Why We Shouldn't Judge Someone Struggling With Self-Harm

An issue surrounding the misconceptions of self-harm and has recently come to my attention.

I work at a restaurant where the uniform consists of a short-sleeve button up shirt. The short sleeves are completely fine for all of my coworkers. But for me, it’s a bit more difficult.

I don’t make a conscious effort to hide my scars at work from my coworkers and customers. I don’t see it as something that should be hidden. I occasionally catch people staring at my scars, but that’s fine. They’re out in the open, so I don’t expect them not to look.

Some customers ask me what happened to my arms. I never come clean about the real reason I have them because it’s too controversial and misunderstood. I don’t have time to explain my life story and keep them from becoming sad for me. I figure that my job isn’t to make them worry or pity me. My job is to be kind and serve them.

On the other hand, I don’t have a problem explaining my scars to coworkers. One of my coworkers has responded negatively to them, but the rest have either not asked or have understood and accepted them.

Recently, I opened up to a newer coworker about my scars. I had put it off for a while because quite frankly, I wanted him to like me, so I didn’t want him to freak out or see me differently. When I felt the time was right, however, I told him the story of my arms. He wasn’t surprised. He had assumed that self-harm was the cause, he just asked to make sure and to hear my my story.

I appreciated his maturity. He did ask some somewhat “inappropriate” questions, but I answered them because he wasn’t being rude in any way. He was just curious. A couple of his questions were:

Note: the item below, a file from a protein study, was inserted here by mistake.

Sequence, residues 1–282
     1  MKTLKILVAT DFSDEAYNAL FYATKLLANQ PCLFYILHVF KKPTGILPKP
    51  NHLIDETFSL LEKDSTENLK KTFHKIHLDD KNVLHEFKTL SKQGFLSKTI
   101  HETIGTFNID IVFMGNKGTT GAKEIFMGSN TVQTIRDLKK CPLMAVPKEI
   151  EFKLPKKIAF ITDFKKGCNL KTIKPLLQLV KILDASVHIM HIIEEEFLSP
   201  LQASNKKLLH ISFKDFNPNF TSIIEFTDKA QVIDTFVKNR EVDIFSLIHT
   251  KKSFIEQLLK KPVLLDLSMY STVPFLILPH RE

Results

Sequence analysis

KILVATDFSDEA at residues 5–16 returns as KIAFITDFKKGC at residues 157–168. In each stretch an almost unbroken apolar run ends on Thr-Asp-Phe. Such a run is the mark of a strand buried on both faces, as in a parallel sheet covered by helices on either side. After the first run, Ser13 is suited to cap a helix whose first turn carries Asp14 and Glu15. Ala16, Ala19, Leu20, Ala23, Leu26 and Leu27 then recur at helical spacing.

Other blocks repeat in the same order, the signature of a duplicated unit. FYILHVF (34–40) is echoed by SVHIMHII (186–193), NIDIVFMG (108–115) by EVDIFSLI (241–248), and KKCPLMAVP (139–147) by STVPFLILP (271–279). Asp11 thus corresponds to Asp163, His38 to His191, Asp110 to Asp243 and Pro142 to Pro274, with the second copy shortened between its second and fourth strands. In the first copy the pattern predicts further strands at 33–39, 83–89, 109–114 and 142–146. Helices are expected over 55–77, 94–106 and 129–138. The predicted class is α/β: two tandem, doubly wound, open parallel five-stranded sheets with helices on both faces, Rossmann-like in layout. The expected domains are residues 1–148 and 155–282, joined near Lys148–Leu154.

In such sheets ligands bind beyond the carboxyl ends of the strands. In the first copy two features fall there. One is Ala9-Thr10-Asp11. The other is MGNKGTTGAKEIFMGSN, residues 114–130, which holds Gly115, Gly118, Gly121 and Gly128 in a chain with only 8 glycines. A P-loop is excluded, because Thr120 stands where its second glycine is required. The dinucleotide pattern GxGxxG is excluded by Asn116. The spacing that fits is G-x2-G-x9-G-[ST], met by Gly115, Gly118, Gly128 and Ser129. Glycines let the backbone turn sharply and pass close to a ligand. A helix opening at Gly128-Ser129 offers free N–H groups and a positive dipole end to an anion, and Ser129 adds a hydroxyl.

“How deep did you cut?”

“Did it hurt?”

“Did they bleed a lot?”

“Why did you like it?”

I answered all of his questions honestly. I’ll take any chance I can get to inform others about self-harm, even if some of the questions are hard to answer. In fact, I was glad that I could answer his questions. I didn’t feel like I was withholding the truth, which is good because I like to be an open book.

A week or so later, he approached me in the back and said he had a story to tell me.

“The other day, someone came up to me and showed me their arm and said they cut, but they were only a couple of scratches.”

I was confused as to where he was going with this, so I asked him what he said back.

“Well, I told them that I know someone who actually cuts — which is you. Their cuts were nothing compared to yours.”

I was shocked. I asked him if that’s what he said, word for word. He explained that’s not exactly what he said, but that he thinks they’re faking it.

I explained to him that you can’t judge or compare self-harm. Cutting is cutting, no matter how deep the wound. If someone is bringing a sharp object anywhere near themselves with the intention of hurting themselves, they are struggling and need help.

I understand that there might be some people out there who hurt themselves for attention. Even if they’re just “doing it for attention,” there’s something going on in their life that’s causing them to strive for that negative attention, which is cause for worry. Despite the situation, you don’t get to be the judge of whether their self-harm is “real” or not.

Self-harm is a serious problem. Someone with 13 cuts can be struggling just as much as someone with 30. Someone with cuts that are less deep than someone else isn’t necessarily in a less serious situation than the other person.

You’re not allowed to look at someone’s cuts, burns, bruises, etc. and decide how bad they’re struggling. Your job is to simply be there and to listen. You don’t even have to understand what they’re going through. All they need from you is your presence and love.

If you or someone you know needs help, visit our suicide prevention resources page.

If you struggle with self-harm and you need support right now, call the crisis hotline at 1-800-273-8255 or text “START” to 741-741. For a list of ways to cope with self-harm urges, click here.

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